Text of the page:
The disease was spreading too quickly in my updated model. The proportion of asymptomatics is not as high as I believed the Swedish data was suggesting. The problem was/is that the numbers of deaths for the final 14 days or so of each edition of the published data are incomplete, so are revised upwards in subsequent editions with data arriving from the regions. That meant that the rapid fall in the death rate after a peak the data seemed to show when I last wrote was just artefact of the data collection system. You can see this in the attached worksheet, in the two charts below the Sweden data in “Common and calibration data”.
I followed this for a few weeks to see how the process works and then, this week, I felt I could make a reasonable estimate the adjustments that will take place over the next few weeks to obtain a sensible set of calibration data. It is clear that my model cannot replicate the smooth and prolonged log-linear decline in the actual numbers of daily deaths in the latest data using the numbers of cases implied by the very low mortality rates I was using last time.
To match the latest data I reduced the number of cases by increasing the mortality rate. The model started to approach a calibration at a mortality rate of 0.1%. I also looked again at the actions the Swedish authorities took in March. These included limits on meeting sizes and some distancing restrictions and recommendations in mid-March tightened somewhat at the end of March. You can see from the data that, contrary to popular belief, the Swedes and their government have been very effective at limiting the rate of spread, apart from a blip in care homes for the elderly that was quickly dealt with.
I used a second distancing phase match the tightening of the distancing measures in late March, which shows in the data, and tried calibrating the model for mortality rates of 0.1%, 0.2%, 0.3%, 0.4% and 0.5%. The rates above 0.1% do a better job of modelling the log-linear decline in the numbers of deaths, but the higher mortality rates require increasingly long doubling times. I think that rates of 0.2%, 0.3% and 0.4% give the best calibration results.
I kept the second distancing rate going until daily deaths fell to zero but then I always end up with a big ‘second wave’, sometimes months later. I introduced a third distancing phase to deal with this and experimented with that for mortality rates of 0.15%, 0.2% and 0.25% (which seemed to give the best calibrations). Fine-tuning this third distancing phase eliminates a ‘second wave’ altogether and shows that the final death toll is very sensitive to its timing and intensity.
If you have the time, it is worth playing with the four variables that control the third phase (in cells AF5, AD8, AF8 and AD9), while keeping the calibration values for the first and second distancing periods unchanged, and seeing how the final death toll (in cell G51, under the chart) responds. In the model, it seems that the best policy, to minimise the overall number of deaths, would be an immediate and controlled relaxation of distancing. This leads to a temporary increase in the number of daily deaths but an earlier end to the epidemic. In Sweden the second peak is below the first one, so would not over-stretch the medical resources, but that is unlikely to be the case in countries with much larger populations.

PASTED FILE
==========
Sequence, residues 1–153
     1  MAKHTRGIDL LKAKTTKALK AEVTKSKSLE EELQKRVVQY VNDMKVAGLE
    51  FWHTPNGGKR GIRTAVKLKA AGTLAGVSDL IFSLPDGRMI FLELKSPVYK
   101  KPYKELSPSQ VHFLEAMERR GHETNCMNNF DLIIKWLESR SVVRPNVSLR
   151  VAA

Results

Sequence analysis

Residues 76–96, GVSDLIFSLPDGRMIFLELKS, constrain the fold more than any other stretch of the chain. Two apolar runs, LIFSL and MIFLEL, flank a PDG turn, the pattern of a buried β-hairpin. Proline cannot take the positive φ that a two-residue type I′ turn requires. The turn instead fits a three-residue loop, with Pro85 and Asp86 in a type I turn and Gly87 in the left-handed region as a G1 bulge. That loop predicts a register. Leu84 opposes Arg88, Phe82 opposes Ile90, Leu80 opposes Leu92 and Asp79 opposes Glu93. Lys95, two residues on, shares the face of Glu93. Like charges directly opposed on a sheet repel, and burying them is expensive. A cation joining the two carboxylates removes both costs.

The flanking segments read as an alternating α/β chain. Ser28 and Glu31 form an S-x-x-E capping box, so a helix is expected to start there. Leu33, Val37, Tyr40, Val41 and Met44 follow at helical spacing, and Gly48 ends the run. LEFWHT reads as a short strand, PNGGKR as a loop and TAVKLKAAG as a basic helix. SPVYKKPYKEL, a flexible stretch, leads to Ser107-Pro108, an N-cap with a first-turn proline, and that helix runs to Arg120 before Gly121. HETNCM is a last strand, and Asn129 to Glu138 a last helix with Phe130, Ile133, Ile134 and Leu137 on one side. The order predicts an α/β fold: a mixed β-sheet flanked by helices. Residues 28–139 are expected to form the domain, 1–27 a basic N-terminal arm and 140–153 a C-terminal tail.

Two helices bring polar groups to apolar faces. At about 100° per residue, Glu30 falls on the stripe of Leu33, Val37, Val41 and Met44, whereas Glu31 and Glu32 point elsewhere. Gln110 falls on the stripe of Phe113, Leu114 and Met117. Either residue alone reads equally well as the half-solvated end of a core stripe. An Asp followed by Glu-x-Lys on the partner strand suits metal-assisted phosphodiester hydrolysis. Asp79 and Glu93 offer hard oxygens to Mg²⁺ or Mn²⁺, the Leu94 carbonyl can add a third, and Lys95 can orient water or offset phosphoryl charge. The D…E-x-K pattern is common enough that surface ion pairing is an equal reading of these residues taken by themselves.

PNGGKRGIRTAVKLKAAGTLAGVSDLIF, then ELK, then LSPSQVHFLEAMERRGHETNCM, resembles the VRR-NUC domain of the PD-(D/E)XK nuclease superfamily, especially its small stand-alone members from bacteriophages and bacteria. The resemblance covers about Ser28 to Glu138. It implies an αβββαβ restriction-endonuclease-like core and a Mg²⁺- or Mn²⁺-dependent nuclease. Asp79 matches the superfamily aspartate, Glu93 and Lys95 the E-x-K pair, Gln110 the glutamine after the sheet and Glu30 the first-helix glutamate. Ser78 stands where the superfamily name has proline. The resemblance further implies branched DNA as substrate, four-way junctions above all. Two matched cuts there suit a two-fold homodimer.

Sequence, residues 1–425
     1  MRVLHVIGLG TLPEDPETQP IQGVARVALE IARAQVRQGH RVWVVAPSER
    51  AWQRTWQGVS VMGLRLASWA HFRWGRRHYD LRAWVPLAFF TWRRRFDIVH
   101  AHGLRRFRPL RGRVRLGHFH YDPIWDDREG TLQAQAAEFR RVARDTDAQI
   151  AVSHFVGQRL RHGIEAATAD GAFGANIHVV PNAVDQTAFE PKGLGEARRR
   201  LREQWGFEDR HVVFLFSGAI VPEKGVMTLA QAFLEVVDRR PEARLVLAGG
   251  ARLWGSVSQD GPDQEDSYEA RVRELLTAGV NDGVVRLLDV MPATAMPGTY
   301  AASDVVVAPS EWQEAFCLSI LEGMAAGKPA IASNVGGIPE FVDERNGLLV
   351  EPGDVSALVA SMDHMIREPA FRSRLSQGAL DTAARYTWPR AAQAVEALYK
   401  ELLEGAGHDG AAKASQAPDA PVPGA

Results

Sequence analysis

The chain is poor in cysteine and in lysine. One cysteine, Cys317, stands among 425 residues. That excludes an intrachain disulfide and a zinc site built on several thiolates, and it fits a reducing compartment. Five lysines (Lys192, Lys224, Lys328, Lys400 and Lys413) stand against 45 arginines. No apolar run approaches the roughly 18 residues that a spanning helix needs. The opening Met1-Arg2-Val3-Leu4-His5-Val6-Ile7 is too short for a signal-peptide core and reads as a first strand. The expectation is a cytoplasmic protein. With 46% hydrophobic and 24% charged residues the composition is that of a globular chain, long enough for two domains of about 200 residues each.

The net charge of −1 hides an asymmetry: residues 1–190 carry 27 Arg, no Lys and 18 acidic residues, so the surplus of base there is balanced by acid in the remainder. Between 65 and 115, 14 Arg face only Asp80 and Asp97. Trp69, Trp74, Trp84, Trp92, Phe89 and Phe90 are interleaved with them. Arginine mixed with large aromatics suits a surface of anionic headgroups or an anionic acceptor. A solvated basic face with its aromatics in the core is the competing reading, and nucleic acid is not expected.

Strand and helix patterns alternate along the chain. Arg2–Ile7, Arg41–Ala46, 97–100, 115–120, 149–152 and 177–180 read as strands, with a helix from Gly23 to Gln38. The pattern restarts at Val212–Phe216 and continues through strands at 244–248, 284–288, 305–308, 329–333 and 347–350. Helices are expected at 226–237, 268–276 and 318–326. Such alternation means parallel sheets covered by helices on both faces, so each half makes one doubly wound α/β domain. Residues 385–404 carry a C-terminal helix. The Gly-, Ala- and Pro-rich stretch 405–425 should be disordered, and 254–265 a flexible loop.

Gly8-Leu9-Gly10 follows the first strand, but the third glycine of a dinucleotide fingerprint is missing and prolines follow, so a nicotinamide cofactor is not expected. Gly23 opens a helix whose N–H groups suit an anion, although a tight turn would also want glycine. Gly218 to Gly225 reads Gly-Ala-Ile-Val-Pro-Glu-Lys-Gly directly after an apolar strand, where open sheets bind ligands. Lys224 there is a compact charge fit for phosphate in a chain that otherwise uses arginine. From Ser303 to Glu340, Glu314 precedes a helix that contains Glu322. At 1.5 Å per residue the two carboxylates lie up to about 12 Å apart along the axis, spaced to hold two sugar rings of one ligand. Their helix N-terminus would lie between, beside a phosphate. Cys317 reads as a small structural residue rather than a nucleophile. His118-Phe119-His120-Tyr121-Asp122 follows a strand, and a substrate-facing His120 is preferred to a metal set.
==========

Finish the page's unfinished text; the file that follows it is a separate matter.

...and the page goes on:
Death is a tricky subject. The increase in life expectancy in most places since 1945 is one of the many benefits of the global civilisation that has taken root since then and is currently being tested by this epidemic (among other things). Most people now die when they are old, which necessarily also means that most people who die are old. Some day, something, little or large, will tip each of us over the edge and into oblivion. At the moment COVID-19 is one of those things and wrinklies like me naturally make up the majority of the casualties. This is no excuse for negligence or disregard for the welfare and treatment of the elderly, but it’s not a reason for a lot of hand-wringing either.
The data seems to show that most Swedes have responded very effectively. Apparently traffic reduced immediately as people took fewer journeys and various other statistics show that responsible self-restraint has worked very well. I see that that there is now some internal dissent there because their death rate is much higher than in Norway and Denmark, where stricter measures were introduced. I think that the difference comes from Sweden being much closer to an end of the epidemic than their neighbours and that the final death tolls are probably a year away. When those numbers finally emerge they will probably be explained by demographic differences and the incidence of co-morbidity factors in the general population.
I hope that the Swedish government sticks to its guns and treats its people like the responsible citizens they seem to be, as an example to almost all the other governments in the western world.
Download the updated model here.